Round bales can be directly used for feeding animals by placing it in a feeding area, tipping it over, removing the bale wrap, and placing a protective ring (a ring feeder) around the outside so that animals don’t walk on hay that has been peeled off the outer perimeter of the bale. The baler’s forming and compaction process can assist in unrolling a round bale, as it is often possible to unroll a round bale in a continuous flat strip for feeding in the open, or through a feeding barrier.
Silage or haylage bales
A recent innovation in hay storage has been the development of the silage or haylage bale, which is a high-moisture bale wrapped in plastic film. These are baled much wetter than hay bales, and are usually smaller than hay bales because the greater moisture content makes them heavier and harder to handle. These bales begin to ferment almost immediately, and the metal bale spear stabbed into the core becomes very warm to the touch from the fermentation process.
Silage or haylage bales may be wrapped by placing them on a rotating bale spear mounted on the rear of a tractor. As the bale spins, a layer of plastic cling film is applied to the exterior of the bale. This roll of plastic is mounted in a sliding shuttle on a steel arm and can move parallel to the bale axis, so the operator does not need to hold up the heavy roll of plastic. The plastic layer extends over the ends of the bale to form a ring of plastic approximately 30 cm wide on the ends, with hay exposed in the center. To stretch the cling-wrap plastic tightly over the bale, the tension is actively adjusted with a knob on the end of the roll, which squeezes the ends of the roll in the shuttle.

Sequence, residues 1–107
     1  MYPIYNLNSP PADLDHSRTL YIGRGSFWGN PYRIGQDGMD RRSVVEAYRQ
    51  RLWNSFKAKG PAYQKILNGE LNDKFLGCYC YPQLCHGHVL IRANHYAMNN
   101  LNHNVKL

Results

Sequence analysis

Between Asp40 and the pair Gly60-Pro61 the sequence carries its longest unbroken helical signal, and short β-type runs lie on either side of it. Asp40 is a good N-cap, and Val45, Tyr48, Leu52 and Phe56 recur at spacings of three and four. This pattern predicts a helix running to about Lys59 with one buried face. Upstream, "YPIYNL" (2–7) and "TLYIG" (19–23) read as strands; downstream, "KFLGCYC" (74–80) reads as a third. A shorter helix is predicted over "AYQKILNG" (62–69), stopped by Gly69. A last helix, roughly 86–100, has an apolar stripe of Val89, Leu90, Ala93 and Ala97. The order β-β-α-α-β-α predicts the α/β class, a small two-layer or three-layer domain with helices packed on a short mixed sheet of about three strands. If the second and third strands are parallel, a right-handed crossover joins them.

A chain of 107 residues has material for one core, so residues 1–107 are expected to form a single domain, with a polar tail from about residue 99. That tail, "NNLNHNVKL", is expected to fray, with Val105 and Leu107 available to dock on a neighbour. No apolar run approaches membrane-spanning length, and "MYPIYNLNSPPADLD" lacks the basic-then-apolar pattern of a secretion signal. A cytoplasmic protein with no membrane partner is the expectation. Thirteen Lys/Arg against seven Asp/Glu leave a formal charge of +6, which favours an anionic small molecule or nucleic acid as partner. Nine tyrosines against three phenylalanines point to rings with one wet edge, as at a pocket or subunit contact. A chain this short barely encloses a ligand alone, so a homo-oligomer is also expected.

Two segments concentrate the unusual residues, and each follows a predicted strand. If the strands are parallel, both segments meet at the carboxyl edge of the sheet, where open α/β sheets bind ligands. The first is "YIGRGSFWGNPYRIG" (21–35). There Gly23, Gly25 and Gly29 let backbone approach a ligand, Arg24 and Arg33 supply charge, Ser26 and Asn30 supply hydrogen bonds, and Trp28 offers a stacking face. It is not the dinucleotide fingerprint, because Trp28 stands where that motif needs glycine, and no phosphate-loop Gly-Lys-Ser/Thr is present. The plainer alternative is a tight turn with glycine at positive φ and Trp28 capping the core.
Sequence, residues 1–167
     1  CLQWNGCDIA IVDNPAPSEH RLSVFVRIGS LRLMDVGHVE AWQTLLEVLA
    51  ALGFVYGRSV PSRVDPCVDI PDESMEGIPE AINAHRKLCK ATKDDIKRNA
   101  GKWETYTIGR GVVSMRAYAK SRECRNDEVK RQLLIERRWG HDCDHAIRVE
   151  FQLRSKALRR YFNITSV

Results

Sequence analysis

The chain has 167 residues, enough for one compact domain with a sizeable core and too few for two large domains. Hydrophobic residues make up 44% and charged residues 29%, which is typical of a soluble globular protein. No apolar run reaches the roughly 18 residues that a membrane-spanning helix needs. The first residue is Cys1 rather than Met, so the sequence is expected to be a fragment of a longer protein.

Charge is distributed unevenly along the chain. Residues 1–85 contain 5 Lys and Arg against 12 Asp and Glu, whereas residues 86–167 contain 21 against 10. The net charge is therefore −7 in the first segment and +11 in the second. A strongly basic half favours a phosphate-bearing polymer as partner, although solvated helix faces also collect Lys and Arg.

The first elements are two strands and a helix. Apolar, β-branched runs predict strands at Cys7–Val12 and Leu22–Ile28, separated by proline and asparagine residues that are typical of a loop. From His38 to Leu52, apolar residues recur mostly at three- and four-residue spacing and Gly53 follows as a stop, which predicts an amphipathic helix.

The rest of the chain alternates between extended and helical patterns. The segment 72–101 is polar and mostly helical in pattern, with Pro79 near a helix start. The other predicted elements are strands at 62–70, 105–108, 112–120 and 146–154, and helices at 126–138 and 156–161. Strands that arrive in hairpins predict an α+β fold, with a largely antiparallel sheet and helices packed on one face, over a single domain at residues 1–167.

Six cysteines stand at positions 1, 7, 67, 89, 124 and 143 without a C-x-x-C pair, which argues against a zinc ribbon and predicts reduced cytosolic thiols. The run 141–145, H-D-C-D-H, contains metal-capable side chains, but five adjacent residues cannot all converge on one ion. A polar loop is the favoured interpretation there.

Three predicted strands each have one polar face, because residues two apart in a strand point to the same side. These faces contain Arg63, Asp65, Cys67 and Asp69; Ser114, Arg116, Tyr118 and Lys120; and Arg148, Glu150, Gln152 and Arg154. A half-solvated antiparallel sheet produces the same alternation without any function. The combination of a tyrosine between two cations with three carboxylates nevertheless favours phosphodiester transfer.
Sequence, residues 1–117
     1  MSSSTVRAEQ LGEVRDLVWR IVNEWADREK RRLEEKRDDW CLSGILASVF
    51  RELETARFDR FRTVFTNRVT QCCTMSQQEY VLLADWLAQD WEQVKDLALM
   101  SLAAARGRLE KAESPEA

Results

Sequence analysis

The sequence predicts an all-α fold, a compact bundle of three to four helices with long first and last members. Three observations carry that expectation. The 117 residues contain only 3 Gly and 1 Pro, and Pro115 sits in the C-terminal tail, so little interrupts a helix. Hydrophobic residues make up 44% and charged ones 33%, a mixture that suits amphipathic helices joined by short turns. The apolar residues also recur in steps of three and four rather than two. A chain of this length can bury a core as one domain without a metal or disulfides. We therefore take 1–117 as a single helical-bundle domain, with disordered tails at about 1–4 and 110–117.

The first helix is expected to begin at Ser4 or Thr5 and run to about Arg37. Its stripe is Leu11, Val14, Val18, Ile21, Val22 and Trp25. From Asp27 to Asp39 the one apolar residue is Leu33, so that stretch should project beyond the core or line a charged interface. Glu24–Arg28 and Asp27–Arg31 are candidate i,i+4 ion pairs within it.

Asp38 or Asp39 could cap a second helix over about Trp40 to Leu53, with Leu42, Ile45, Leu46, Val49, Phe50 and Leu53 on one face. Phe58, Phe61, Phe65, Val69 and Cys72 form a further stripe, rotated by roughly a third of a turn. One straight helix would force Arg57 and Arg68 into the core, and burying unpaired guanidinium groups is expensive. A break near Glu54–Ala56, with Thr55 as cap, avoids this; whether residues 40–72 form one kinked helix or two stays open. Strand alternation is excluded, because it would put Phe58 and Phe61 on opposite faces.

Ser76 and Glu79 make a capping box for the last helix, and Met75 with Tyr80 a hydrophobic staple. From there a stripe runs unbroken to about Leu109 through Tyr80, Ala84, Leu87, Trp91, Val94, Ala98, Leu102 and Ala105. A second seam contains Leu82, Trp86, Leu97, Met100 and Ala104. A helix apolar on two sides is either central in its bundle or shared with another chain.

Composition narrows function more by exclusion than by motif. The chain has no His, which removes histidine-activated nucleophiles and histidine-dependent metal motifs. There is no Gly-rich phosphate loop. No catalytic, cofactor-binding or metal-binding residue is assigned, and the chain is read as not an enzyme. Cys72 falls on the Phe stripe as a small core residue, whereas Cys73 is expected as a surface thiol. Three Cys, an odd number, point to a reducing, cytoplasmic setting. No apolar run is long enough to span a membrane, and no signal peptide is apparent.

These bales are placed in a long continuous row, with each wrapped bale pressed firmly against all the other bales in the row before being set down onto the ground. The plastic wrap on the ends of each bale sticks together to seal out air and moisture, protecting the silage from the elements. The end-bales are hand-sealed with strips of cling plastic across the opening. The airtight seal between each bale permits the row of round bales to ferment as if they were in a silo bag, but they are easier to handle than a silo bag, as they are more robust and compact. The plastic usage is relatively high, and there is no way to reuse the silage-contaminated plastic sheeting, although it can be recycled or used as a fuel source via incineration. The wrapping cost is approximately US$5 per bale.
An alternative form of wrapping uses the same type of bale placed on a bale wrapper, consisting of pair of rollers on a turntable mounted on the three-point linkage of a tractor. It is then spun about two axes while being wrapped in several layers of cling-wrap plastic film. This covers the ends and sides of the bale in one operation, thus sealing it separately from other bales. The bales are then moved or stacked using a special pincer attachment on the front loader of a tractor, which does not damage the film seal. They can also be moved using a standard bale spike, but this punctures the airtight seal, and the hole in the film must be repaired after each move.
Plastic-wrapped bales must be unwrapped before being fed to livestock to prevent accidental ingestion of the plastic. Like round hay bales, silage bales are usually fed using a ring feeder.